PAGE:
For weeks, I’ve been watching my crazy neighbor and his insane building project. I’ve always known that old Noah was different—after all, the man claims that his god talks to him! But when he started building this thing in his field, I figured he’d finally taken leave of his senses.
As I said, I’ve been watching Noah ever since he started building. He even got his three weird sons to help him out on most days. I suppose they were just humoring the old man—didn’t want to jeopardize their inheritance. But a few weeks ago, I decided to have some fun. I told Avram and Eli, my companions from the village, to meet me at Noah’s field. That monstrosity he was building was starting to take shape.
I knew I could count on Avram to bring a few extra wineskins, and he didn’t let me down. The three of us spent the day drinking and taunting Noah. Eli was in especially rare form.
“Hey Noah, you planning on living in this thing?” Eli called out. “Ever thought about putting in more than one tiny window?” “Don’t you think this is just a bit too big, Noah? What—are you going to keep your animals in here, too? Gonna smell real nice, buddy!”
Noah just kept right on building. He mostly ignored us. I’ve never seen such single-mindedness. Occasionally we heard him mumbling; it sounded like he was memorizing lists of provisions for a journey. Frequently he looked up at the sky. I suppose his god was talking to him.
One morning not long ago, I awoke to a horrible stench. A brief stroll to Noah’s field revealed the cause: Noah was covering the entire structure with tar. This was just too much; I went back home and got my children to come and watch. We had a sort of picnic, and the kids made up funny little chants. I had to laugh when Lillith came up with “Noah, Noah, where you gonna go-ah?” And little Itzak daubed his hands and face with mud in a mockery of the old man. How I laughed when Itzak found a rock and imitated Noah’s every move, covering it with tar-like mud!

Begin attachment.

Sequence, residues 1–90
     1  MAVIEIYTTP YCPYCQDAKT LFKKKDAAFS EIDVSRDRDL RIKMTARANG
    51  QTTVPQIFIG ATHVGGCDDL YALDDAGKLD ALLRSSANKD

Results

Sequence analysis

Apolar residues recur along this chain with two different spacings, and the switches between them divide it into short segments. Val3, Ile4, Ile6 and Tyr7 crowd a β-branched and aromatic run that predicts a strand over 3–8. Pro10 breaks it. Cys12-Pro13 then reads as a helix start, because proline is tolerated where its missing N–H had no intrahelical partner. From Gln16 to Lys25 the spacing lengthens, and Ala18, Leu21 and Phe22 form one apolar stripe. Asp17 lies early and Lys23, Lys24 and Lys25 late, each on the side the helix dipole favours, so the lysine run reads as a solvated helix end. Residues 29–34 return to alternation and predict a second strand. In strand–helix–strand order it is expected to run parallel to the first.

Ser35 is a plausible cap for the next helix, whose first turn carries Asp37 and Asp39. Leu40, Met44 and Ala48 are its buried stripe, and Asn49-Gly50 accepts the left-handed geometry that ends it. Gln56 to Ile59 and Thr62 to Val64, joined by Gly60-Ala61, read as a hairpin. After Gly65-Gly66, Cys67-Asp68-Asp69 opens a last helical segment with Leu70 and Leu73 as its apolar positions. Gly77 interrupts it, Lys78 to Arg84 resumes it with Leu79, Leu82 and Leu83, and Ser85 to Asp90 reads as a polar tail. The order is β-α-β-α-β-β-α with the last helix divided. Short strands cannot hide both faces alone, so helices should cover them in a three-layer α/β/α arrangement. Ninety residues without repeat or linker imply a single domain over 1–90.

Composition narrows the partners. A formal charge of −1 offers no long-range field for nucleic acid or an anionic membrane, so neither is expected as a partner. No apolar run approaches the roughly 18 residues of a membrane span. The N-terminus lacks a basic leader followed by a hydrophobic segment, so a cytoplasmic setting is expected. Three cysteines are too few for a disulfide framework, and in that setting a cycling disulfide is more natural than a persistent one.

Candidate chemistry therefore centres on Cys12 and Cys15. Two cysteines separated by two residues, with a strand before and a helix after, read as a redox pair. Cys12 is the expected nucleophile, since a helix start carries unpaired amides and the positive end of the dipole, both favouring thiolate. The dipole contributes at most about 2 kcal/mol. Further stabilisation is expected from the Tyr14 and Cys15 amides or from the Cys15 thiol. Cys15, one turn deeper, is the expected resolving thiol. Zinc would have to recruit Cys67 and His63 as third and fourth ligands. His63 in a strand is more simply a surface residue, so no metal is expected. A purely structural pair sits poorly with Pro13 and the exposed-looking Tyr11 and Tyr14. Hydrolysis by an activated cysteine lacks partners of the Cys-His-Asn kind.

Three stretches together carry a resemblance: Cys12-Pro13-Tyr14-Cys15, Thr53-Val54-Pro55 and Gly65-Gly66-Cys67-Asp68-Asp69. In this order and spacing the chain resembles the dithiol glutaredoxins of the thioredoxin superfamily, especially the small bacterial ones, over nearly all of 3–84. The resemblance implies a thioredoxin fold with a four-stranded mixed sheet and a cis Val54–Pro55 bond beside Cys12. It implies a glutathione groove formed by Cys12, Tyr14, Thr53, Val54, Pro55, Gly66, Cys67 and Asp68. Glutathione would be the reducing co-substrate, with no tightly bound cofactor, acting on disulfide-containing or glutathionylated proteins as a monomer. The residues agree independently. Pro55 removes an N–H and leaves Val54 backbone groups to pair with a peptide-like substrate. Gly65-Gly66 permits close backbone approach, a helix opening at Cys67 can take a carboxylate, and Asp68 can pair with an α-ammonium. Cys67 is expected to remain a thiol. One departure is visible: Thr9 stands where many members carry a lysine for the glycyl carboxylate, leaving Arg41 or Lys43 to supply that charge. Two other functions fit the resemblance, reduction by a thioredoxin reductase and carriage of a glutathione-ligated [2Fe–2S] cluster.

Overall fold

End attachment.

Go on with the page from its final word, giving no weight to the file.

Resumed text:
That brings us to today. For the last several days, I’ve been conducting business in the village. On the way home, I led my donkey past Noah’s place, and I was surprised by what I saw. His entire field had been trampled down, as if herds of animals had been there. They seemed to have flattened a path right up to Noah’s construction. And indeed, as I traced the trodden path with my eyes, there was Noah at the hatch, slapping the rumps of a pair of sheep. Eli was right—he’s planning to live with his flocks! He’s crazier than I thought!
And then—it must have been a trick of the light—Noah went inside, and the hatch seemed to close of its own accord. Rumor in the village has it that he and his family say they are going on a trip. I don’t see how that’s possible. They’re currently sealed in a giant, tar-covered building. They’re all just as crazy as he is. But—have a great trip, Noah. Bon voyage. Won’t be able to see much from that one tiny window, pal. But it’s all right—that thing’s not going anywhere. Yeah—bon voyage!
I’m heading home now. I’ve never seen the sky look quite like this.
Jan is a Christian who has traveled through sorrow and depression, and has found victory and grace. She dedicates all writings to her Heavenly Father. Check out Jan's website at www.1hundred-words.com
Copywrite Jan Ackerson--2006
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